It’s been a very fashion-centric week. I haven’t heard a peep from the ex ex. I sent David a consignment of cat food from Waitrose, and got a formal, ‘The timing is fortuitous, thank you.’ That was it.
On Tuesday night, I met my friend Sue at the Bafta HQ in London to see the Alexander McQueen documentary on the big screen. I hadn’t expected to enjoy it, as I was never a big McQueen fan (my ex-PA emailed me: ‘Why were you the only writer in the world not to give him a rave obit?), but it became a trip down memory lane. I realised twice a year, for decades, my life was punctuated by his work. Not only the millions of words typed (model Shalom Harlow being spray painted by a robot and the morning after chased by me for an interview; or Aimee Mullins, on the catwalk on carved prosthetic legs, chased by me for the exclusive), but the angst. When the film reached footage from the Voss show for spring/summer 2001, with the audience arriving to find a Perspex box acting as a giant mirror, I could see for a second my pale face.
Bear in mind it was nearly 20 years ago. Bear in mind I owned a house in Central London. I had friends. A BMW. Cats. It was pre-facelift, pre-divorce, pre-bankruptcy, pre-double-sacking.
I should look radiant, but I look scared. Watching the film brought feelings flooding back. ‘Why in God’s name is there a giant mirror? I don’t want to look at myself!’
Then, on Wednesday, I went to the gala opening of Dior at the V&A. I walked round with Sue, pointing out who wore what, and what it was like attending the collections for the past quarter of a century. We stood before a spangled black skirt suit from the greatest hits show to celebrate the house’s 60th anniversary. I told Sue the show took place in Versailles, and I remember Gisele emerging first in that very suit, looking more beautiful than ever.
I was in Paris covering couture for the Daily Mail, staying at the Costes: it’s so trendy and dark, you need a torch to find the lobby. I was yet to leave London for good, still owned my lovely house in Gibson Square. And yet looking at this black Gisele suit again, the feelings it brought back were of fear.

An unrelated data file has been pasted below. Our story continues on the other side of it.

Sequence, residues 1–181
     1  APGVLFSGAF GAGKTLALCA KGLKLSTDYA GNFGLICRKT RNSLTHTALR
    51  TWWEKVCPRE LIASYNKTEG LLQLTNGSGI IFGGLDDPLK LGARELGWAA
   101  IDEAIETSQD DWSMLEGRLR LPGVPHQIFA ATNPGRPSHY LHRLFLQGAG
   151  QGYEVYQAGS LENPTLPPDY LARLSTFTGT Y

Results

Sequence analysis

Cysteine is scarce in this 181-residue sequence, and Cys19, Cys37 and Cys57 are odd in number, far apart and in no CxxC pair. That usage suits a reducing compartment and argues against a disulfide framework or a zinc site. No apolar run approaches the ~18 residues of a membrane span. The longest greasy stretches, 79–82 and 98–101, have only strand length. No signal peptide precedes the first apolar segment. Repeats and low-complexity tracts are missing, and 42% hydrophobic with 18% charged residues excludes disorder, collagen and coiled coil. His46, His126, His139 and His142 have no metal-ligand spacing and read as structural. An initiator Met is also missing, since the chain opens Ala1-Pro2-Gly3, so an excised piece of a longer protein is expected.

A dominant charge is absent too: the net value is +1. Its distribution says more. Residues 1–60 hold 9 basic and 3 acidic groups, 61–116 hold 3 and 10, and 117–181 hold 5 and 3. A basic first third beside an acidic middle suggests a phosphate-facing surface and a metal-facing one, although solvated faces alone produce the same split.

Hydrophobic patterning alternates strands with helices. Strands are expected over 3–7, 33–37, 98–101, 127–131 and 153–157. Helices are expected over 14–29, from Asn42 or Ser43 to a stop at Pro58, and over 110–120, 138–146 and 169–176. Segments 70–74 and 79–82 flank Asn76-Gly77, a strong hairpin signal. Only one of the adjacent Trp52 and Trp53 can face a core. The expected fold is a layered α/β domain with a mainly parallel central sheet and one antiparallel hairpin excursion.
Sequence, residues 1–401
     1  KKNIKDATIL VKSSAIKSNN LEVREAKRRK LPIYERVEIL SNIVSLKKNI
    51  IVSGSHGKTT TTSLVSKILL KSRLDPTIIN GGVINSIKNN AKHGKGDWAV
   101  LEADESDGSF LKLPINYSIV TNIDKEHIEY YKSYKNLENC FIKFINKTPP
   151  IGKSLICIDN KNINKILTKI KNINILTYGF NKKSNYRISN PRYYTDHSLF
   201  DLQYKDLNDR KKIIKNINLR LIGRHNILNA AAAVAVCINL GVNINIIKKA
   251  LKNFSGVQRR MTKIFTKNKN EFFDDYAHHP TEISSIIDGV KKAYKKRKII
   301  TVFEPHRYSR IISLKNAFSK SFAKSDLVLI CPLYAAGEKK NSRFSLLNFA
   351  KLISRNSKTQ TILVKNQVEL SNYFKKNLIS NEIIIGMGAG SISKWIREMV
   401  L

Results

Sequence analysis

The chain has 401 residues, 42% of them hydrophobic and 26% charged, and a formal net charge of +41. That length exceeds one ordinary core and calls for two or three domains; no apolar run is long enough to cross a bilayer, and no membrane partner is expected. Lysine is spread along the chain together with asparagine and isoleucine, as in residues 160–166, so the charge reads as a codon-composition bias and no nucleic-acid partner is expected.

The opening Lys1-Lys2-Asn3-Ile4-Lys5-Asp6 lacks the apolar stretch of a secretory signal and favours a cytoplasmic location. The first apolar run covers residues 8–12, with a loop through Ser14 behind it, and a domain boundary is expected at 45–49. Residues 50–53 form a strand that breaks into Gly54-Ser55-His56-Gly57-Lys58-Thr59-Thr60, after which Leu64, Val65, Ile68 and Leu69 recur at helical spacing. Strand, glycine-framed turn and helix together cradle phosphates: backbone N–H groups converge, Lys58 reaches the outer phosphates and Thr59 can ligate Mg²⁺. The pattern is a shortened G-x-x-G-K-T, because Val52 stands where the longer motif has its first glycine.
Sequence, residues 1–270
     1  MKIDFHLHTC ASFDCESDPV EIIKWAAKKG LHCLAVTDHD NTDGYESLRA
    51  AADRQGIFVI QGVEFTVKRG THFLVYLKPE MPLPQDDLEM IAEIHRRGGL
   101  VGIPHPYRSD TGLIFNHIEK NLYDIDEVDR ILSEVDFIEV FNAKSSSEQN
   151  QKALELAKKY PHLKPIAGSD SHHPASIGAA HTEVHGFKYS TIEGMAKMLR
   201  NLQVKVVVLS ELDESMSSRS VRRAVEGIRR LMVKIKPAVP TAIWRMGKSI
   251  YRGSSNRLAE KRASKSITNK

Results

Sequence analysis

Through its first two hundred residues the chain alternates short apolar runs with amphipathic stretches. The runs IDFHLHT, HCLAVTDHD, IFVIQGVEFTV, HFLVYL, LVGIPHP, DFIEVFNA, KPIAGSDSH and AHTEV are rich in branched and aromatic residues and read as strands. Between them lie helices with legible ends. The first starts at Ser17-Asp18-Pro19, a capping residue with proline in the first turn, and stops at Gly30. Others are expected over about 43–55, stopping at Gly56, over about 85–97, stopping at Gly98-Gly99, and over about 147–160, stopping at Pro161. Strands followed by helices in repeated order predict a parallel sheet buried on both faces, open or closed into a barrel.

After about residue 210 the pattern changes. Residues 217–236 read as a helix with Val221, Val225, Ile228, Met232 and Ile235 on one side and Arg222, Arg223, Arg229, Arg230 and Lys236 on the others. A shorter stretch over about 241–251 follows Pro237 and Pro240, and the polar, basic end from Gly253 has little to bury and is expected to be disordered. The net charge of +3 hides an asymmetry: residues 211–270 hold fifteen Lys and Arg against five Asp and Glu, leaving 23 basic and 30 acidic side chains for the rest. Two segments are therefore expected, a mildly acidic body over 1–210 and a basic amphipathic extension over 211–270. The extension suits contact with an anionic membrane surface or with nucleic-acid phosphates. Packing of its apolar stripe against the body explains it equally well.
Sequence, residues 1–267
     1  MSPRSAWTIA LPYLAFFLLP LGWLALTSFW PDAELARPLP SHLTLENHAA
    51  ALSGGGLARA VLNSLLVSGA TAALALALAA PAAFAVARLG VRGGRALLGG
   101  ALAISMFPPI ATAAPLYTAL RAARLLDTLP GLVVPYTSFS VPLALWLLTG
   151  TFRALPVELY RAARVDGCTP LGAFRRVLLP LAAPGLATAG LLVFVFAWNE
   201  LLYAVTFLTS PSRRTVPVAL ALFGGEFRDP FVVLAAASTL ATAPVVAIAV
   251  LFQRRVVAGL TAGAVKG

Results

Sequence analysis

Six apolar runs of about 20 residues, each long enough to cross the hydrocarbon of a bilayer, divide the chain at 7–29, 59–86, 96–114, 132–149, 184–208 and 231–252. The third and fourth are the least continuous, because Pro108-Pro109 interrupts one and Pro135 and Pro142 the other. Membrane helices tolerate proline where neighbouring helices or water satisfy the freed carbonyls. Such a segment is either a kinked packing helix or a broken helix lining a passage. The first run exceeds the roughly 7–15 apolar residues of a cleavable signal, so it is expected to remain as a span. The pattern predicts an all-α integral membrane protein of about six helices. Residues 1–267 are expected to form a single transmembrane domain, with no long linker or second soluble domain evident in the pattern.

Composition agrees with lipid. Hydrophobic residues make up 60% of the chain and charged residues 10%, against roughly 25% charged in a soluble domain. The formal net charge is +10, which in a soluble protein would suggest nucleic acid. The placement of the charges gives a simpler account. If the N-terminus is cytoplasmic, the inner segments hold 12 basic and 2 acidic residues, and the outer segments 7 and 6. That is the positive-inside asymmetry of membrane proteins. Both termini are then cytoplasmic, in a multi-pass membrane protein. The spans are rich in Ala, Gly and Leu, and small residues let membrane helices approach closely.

Versailles is quite a long way from Paris. I had an invitation, but was worried about the logistics of getting there. So I had emailed a fellow fashion editor, a woman who used to work for me.
‘Hi, could I share your town car this evening, save on costs?’
I got this: ‘No, sorry. It’s full.’
Her email upset me. I had to get a taxi to drop me off (in the wrong place; remember we were always having to walk on cobbles in heels), and he refused to wait. So when I emerged into the gardens of Versailles after the show, sipping champagne to quell my nerves, with no one to talk to, instead of marvelling at the string quartet, and mwah,
mwahing John Galliano, I was worried about how I’d get back to the hotel.
In those days, there was no internet on your phone. Nor was it easy to call my hotel, as you had to manually switch to a foreign network and add area codes. Eventually, as the crowd of thin women was thinning, I made my way to the golden entrance gates and shivered at a bus stop. I remember thinking, ‘Why am I so hopeless? Why can I not enjoy the moment? Why am I alone?’
Of course, this wasn’t written on the museum notes by the suit. We finished walking round and left to hail a cab. Sue suggested we get a drink at Kettner’s in Soho. Nostalgia, again. This is where I would go after work with my girlfriends (OK, staff). But when we got there, it turned out it sells pizza no more, but is now part of the Soho House chain. The table where I had interviewed Christopher the male model, in 1984, is no longer there, replaced by a slab of marble bar. I had fancied him like crazy, had even gone round to his flat in Knightsbridge, rung on the bell (he’d invited me, I wasn’t that insane), and he had tipped his gorgeous head out of a fourth floor window, saw it was me. And then didn’t buzz me up.
So even when I had youth, friends, money, clothes, I wasn’t happy. I’m starting to wonder what the answer is.